In the face of the COVID-19 pandemic, we are seeing an unprecedented team effort to do whatever it takes to stop the virus from spreading further. A growing number of states are mandating health insurance plan coverage of COVID-19 testing, screening and sometimes treatment without participant cost-sharing, and vendors are adding measures like no cost-sharing telemedicine services to keep individuals from having to go to medical facilities. But are there unintended tax consequences related to these otherwise important containment measures?
On March 11, the IRS released Notice 2020-15, which indicates that medical care services associated with testing for and treatment of COVID-19 may be provided by a qualified high deductible health plan (HDHP) on a pre-deductible basis, and that this coverage will not interfere with an individual’s ability to make or receive health savings account (HSA) contributions. This was welcome news, and allows employers to breathe a sigh of relief since the mandates to cover testing, screening and/or treatment with no participant cost-sharing were coming down from the states and insurers, typically without the employer having an option.
Unfortunately, employers still face a dilemma when it comes to insurer and vendor offers of no cost-sharing telemedicine services for all reasons, not just COVID-19 screening. To the extent an employee is receiving telemedicine services prior to satisfying the HDHP deductible, and the services are not considered “preventive” under existing HSA rules, there is a real concern that employees’ will lose the ability to make or receive HSA contributions. The hope is that the IRS might provide additional guidance to avoid this result. But in the absence of such guidance, employers face the dilemma of both wanting to support the use of virtual medicine for public health purposes, and maintaining their employees’ HSA eligibility.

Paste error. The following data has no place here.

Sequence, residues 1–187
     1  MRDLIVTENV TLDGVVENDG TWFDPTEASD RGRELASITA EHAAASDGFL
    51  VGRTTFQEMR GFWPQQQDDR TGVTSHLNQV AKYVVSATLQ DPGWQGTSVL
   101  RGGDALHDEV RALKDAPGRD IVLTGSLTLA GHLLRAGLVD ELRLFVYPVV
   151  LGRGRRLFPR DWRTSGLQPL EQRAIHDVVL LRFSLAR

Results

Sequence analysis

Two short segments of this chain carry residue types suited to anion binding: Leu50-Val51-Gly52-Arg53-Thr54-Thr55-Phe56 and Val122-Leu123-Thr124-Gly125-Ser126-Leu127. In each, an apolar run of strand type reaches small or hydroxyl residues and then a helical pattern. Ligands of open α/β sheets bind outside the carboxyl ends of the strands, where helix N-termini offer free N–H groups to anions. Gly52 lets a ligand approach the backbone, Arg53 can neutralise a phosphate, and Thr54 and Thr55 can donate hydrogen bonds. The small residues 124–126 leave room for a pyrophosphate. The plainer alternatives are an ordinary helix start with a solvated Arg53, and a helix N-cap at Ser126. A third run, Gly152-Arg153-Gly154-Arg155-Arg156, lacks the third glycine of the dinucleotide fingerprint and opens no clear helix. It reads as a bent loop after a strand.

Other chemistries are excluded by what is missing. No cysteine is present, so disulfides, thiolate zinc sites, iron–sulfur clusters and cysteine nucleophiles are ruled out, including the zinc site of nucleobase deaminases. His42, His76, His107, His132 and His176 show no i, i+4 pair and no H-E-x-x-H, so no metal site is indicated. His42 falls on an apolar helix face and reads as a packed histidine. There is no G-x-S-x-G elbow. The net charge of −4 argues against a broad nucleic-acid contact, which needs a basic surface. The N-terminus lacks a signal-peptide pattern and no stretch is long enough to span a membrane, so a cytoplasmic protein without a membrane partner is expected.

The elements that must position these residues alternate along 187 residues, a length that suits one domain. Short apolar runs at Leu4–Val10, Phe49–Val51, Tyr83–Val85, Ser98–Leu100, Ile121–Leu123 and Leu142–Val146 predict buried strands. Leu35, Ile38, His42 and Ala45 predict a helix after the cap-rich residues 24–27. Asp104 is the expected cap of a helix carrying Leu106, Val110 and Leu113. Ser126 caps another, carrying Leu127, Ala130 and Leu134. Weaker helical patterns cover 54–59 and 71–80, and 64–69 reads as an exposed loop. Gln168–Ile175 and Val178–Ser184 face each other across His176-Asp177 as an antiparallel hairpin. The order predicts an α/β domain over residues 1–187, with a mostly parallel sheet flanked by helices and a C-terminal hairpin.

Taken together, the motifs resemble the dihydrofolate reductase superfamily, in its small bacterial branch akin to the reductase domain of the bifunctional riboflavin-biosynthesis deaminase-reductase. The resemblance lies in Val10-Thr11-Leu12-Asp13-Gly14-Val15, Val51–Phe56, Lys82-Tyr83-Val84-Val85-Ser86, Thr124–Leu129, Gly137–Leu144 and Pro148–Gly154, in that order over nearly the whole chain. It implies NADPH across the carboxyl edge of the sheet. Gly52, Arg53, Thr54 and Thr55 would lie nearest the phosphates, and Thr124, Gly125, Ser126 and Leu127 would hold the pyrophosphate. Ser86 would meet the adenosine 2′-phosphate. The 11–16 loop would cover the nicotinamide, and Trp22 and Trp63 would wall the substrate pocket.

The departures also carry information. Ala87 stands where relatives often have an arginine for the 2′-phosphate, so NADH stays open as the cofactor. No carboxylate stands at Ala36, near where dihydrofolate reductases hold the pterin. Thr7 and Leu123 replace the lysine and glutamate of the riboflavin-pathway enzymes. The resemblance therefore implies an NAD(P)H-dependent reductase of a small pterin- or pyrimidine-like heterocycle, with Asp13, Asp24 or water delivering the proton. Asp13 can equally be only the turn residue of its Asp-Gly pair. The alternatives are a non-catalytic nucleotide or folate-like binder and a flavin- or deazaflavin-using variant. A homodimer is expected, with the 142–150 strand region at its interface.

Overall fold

The good news is that there may be some options. Employers will want to explore the ability to opt-out of these no cost-sharing telemedicine programs for their employees enrolled in the HSA-qualifying HDHP. But they do not want to give up on encouraging those employees to use telemedicine. Other incentives, such as an extra HSA contribution based on telemedicine visits, might be considered. Some vendors may be able to assist in the administration of this type of HSA incentive design.
We know that employers are committed to doing whatever it takes to keep their employees safe and healthy, while also working for the public good in the face of the COVID-19 pandemic. Pursuing a course of action that preserves your employees’ HSA eligibility is a wise choice to maintain financial health as well.